Six Wilkes County government employees in various departments were reassigned to the Wilkes County Health Department on Nov. 16 to help with COVID-19 contact tracing.

County Manager John Yates said the six people — one apiece from the county recreation, animal control, administration, finance, veteran services and emergency medical services departments — volunteered to make contact tracing phone calls.

Yates said Wilkes Health Department Director Rachel Willard requested the assistance because of the increased number of COVID-19 cases in Wilkes. He said the temporary contact tracers will work at the Wilkes Sheriff’s Office half the day on Mondays and half the day on Wednesdays.

The health department reported that 2,354 Wilkes residents had tested positive for COVID-19 since the pandemic began as of Wednesday, up by 57 from Tuesday. That was Wilkes County’s largest one-day increase. Wilkes had 276 active cases then, including 29 hospitalized.

Willard said the six employees of other county departments will call people who just tested positive for COVID-19 and tell them to self-isolate for 10 days. They’ll help them recount who they had close contact with in the 48 hours since their symptoms started until present, asking them where they went, if they wore a mask, when they were at work and other questions.

Next, they’ll call the close contacts, and ask how they’re feeling and if they have COVID-19 symptoms. They’ll give them recommendations on self-quarantine and guide them through the process of testing, but they don’t have to be tested.” Close contact is being less than six feet away from a person with COVID-19 for more than 15 minutes.

County officials emphasized the importance of reaching close contacts as soon as possible so they know to self-isolate and thus help slow community spread of the virus.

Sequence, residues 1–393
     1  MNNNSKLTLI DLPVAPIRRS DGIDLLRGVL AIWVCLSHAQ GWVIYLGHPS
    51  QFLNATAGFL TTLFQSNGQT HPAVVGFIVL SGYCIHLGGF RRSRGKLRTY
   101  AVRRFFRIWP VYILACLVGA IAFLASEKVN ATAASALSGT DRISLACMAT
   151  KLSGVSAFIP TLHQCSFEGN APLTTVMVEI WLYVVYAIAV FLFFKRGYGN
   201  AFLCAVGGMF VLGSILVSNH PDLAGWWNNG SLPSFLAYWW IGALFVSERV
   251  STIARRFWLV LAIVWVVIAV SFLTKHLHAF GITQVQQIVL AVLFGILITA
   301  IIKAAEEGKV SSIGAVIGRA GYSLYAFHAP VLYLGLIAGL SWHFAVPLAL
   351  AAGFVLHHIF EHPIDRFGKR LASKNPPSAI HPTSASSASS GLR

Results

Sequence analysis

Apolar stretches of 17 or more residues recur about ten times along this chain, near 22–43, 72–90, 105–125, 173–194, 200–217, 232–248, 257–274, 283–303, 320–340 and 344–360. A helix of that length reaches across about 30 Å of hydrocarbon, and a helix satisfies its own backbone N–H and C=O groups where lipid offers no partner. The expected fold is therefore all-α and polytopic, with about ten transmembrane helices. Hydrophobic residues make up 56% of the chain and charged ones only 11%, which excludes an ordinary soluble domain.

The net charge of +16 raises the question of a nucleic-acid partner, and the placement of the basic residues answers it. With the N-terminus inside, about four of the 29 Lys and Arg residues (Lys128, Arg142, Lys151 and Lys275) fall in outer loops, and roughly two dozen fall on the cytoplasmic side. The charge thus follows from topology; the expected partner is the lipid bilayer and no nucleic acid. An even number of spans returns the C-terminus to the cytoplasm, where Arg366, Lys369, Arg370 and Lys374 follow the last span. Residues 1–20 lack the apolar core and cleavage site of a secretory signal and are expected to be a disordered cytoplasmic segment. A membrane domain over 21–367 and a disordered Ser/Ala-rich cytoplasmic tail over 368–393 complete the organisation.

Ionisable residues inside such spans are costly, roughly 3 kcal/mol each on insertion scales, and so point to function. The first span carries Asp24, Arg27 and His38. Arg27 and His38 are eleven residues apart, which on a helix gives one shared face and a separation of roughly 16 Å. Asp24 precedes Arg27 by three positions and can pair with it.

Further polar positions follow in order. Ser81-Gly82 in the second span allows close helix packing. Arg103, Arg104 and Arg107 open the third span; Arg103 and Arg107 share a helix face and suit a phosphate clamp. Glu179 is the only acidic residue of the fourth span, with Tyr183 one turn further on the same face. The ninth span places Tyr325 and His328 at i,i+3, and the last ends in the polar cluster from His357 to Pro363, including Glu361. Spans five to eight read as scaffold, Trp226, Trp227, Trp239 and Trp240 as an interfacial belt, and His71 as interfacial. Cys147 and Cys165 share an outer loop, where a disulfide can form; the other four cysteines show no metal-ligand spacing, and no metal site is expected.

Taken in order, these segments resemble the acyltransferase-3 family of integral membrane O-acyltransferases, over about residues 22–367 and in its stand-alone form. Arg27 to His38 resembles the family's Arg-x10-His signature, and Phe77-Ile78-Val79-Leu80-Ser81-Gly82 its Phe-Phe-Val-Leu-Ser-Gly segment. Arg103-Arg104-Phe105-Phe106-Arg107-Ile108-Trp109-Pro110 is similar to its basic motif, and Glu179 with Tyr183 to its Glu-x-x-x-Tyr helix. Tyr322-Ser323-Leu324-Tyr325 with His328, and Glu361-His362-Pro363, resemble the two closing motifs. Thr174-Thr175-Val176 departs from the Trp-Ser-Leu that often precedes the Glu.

Wilkes was listed as one of the state’s 10 counties with “critical” community spread” (most severe) when Gov. Roy Cooper announced a new online system for publicizing counties with high coronavirus transmission on Nov. 17. Wilkes was fourth in the state in numbers of new confirmed cases per 100,000 in the last 14 days then.

Cooper urged leaders in over half of the state’s counties, including Wilkes, to authorize levying fines against people and businesses for not complying with his order requiring masks in public when social distancing isn’t possible, limits on the number of people at indoor and outdoor gatherings and other COVID-19-related directives. He warned of further restrictions if county officials don’t heed the state’s advice.

“We may have to do more even on a statewide level or at a local level in some way,” Cooper said. “That decision has not yet been made, but we are hoping that this effort can help us slow the spread.”

Eddie Settle, chairman of the county commissioners, said Thursday that the commissioners aren’t considering levying fines for failure to comply with the mask or other COVID-19-related measures.

Settle said county government encourages people to stay home as much as possible to help break the chain of transmission. He said they should protect themselves by wearing a cloth mask or other face covering when out in public, avoid in-door gatherings of more than 10 people, stay six or more feet apart from others, frequently wash hands, stay home if sick, avoid touching their face and follow other public health guidelines.

Settle noted that COVID-19 testing with results the same day is available starting at 2 p.m. each weekday at the health department. He said people wanting to be tested there should call the health department first at 336-651-7450 to schedule an appointment. Settle said testing is also available at many private doctor’s offices, urgent care facilities and Wilkes Medical Center.

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